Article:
When my children were young, they were in a school where they were not thriving. One was being bullied and seemed to be wasting her potential. Another was slowly losing her self-confidence due to harassment from a group of boys in the class. Our youngest was just starting out, and we worried that the situation in the school was only going to get worse. I had always wanted the girls at the local Catholic school, but we just couldn’t afford it. After much prayer, a sign from God told us that it was time to make the change. Our two youngest were enthusiastic about the change. Our oldest, not so much. She had friends and a level of comfort that she wasn’t willing to give up despite the bullying and the fear and the reality that she was being stifled in that environment. But she let her sisters’ excitement persuade her to give it a try, and she visited the school with trepidation. After that visit, she never went back to her old school again. She immediately transferred, found new friends, made a new home, and began a meteoric rise that is still ascending, taking her to new heights among the stars. It all started with resistance that acquiesced into a small step and morphed into a giant leap. And she never looked back. 

At some point, we all have to change course, break our bad habits, learn to sit a little straighter, walk a little taller, push back our shoulders, and hold our heads high, trusting in God that He will never lead us astray. And we will be amazed at the heights we will reach.On top of the world.jpg

The second book in Amy’s Chincoteague Island Trilogy, Island of Promise, is now available in stores and online.

Amy Schisler is an award-winning author of both children’s books and sweet, faith-filled romance novels for readers of all ages. She lives with her husband and three daughters on the Eastern Shore of Maryland. Her books, Picture MeWhispering Vines, and Island of Miracles are all recipients of Illumination Awards, placing them among the top inspirational fiction books of 2015, 2016, and 2017. Whispering Vines was awarded the 2017 LYRA Award for the best romance of 2016.  Island of Miracles has outsold all of Amy’s other books worldwide and ranked as high as 600 on Amazon. Her latest children’s book, The Greatest Gift, is now available; and her novel, Summer’s Squall, can be found online and in stores.

You may follow Amy on Facebook at http://facebook.com/amyschislerauthor, Twitter @AmySchislerAuth, Goodreads at https://www.goodreads.com/amyschisler and at http://amyschislerauthor.com.

Amy’s books: Crabbing With Granddad (2013), A Place to Call Home (2014), Picture Me (2015), Whispering Vines (2016), Island of Miracles (2017), Stations of the Cross Meditations for Moms (2017), The Greatest Gift (2017), Summer’s Squall (2017), Island of Promise (2018).

Our Future is Going Up In Smoke

Warning – this blog will not be pretty. I am angry, and I’m afraid I’m going to take it out on you. For the past several weeks, I’ve had to watch someone I love dearly suffer from a very rare form of dementia. So rare, in fact, that the doctors know very little about it. Here’s one thing they do know: it was caused by white matter, or decay, in the frontal lobe of his brain, and that decay was caused by years of smoking. And because of that, watching the news this week makes me angry. I’m angry with politicians, with government officials, with lobbyists, and with my fellow American citizens.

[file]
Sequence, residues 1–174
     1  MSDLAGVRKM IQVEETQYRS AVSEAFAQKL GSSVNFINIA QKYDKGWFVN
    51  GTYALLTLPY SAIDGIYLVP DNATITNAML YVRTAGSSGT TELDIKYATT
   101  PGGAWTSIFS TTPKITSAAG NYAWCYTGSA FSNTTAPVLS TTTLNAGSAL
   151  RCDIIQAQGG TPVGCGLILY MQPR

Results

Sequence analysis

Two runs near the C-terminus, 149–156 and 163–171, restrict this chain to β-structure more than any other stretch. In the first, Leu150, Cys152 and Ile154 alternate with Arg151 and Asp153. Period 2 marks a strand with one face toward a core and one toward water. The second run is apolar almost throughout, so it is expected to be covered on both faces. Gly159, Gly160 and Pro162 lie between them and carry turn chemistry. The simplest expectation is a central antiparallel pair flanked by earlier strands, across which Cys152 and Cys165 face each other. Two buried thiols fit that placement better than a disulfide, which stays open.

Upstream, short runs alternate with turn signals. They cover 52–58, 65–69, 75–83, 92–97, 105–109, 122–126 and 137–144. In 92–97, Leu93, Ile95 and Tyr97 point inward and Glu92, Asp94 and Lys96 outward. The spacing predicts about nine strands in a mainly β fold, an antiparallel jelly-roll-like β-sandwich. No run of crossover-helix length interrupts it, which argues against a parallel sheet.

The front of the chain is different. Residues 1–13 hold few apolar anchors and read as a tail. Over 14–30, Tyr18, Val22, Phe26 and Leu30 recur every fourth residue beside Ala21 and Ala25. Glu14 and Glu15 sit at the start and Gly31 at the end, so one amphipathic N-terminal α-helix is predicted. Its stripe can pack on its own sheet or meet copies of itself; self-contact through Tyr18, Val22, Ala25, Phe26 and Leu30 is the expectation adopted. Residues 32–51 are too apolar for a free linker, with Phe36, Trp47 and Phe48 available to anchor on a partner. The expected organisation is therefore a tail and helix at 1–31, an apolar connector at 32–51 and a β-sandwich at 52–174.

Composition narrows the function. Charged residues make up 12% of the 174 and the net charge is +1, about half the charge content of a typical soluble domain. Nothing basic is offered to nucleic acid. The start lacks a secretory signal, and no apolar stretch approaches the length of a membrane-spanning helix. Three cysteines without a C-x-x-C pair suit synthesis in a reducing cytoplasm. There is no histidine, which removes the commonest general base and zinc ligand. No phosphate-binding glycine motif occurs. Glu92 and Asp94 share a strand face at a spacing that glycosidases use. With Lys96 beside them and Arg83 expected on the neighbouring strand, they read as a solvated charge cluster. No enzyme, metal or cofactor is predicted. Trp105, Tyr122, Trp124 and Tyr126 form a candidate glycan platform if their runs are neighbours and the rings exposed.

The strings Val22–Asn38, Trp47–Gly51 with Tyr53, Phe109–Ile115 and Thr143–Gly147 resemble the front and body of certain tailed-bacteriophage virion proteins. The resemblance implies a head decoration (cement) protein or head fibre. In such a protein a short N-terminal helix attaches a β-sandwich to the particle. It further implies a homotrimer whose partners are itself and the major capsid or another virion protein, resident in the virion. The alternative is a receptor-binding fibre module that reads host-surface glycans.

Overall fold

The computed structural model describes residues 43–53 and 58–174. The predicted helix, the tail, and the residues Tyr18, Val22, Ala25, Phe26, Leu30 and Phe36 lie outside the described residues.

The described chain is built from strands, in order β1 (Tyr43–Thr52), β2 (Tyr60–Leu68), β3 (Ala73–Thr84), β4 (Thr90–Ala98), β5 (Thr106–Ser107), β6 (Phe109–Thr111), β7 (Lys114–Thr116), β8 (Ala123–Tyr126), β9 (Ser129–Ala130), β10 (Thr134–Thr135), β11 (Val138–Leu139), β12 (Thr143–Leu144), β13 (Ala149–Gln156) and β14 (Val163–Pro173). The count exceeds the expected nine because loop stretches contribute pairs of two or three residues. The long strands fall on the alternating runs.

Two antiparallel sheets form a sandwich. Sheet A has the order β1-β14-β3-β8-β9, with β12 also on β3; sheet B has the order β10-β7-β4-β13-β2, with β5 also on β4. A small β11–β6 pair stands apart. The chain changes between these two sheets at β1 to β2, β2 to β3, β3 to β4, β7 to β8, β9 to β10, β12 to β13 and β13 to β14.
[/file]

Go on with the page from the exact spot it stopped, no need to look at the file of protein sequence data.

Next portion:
And why? Because smoking kills. ALL SMOKING KILLS. Yet states across our land are telling people that smoking and doing drugs are okay! Why? What is wrong with everyone? I don’t care what you are smoking; your body wasn’t made to inhale chemicals. Both cigarettes and marijuana contain dozens of chemicals that cause cancer. And studies have shown that secondhand marijuana smoke is even more harmful to your heart than tobacco smoke. One in six children are hospitalized due to marijuana smoke exposure. And the number of marijuana-related fatal car accidents in the state of Colorado has doubled since recreational marijuana use become legal in 2013. Yet the state of California just joined Colorado and seven other states in saying it’s perfectly okay to smoke pot for recreation.

I saw a young woman being interviewed on the news yesterday who claimed to be an employed, high-functioning, and responsible adult who happens to smoke weed. She says it’s no big deal. And some researchers agree with her. “A 2002 study, for example, tested 77 heavy smokers for days after abstaining from smoking pot. Memory impairment was found for heavy users up to 7 days after using marijuana, but by day 28 their memory test results didn’t differ significantly from control subjects.”

But here’s my question, what about twenty-eight years from now? How will it affect their memory or any other part of their brain then? People spend millions of dollars each year trying to quit smoking cigarettes, but cities and states are salivating with glee about the money they’re going to rake in because of pot sales. Oh, but marijuana isn’t addictive, like cigarettes are, you say…  However, “according to the National Institute on Drug Abuse, marijuana addiction goes up to about 17 percent in those who start using young (in their teens) and to 25 to 50 percent among daily users.” Now that it’s A-Okay to smoke wherever and whenever you want in certain areas of the country, how many daily users will there be five years from now?

Dr. Abi-Dargham, MD, a professor at Columbia University Medical Center and author of a study at the university said that, “the bottom line is that long-term, heavy cannabis use may impair the dopaminergic system, which could have a variety of negative effects on learning and behaviour.” In addition, a number of studies have shown a link between smoking marijuana and schizophrenia as well as psychosis. Finally, researchers have found that the people who smoke daily for at least four years have a smaller volume of gray matter in their frontal lobe. Bingo. Know what that means? White matter in the brain. Decay. Which leads me to this…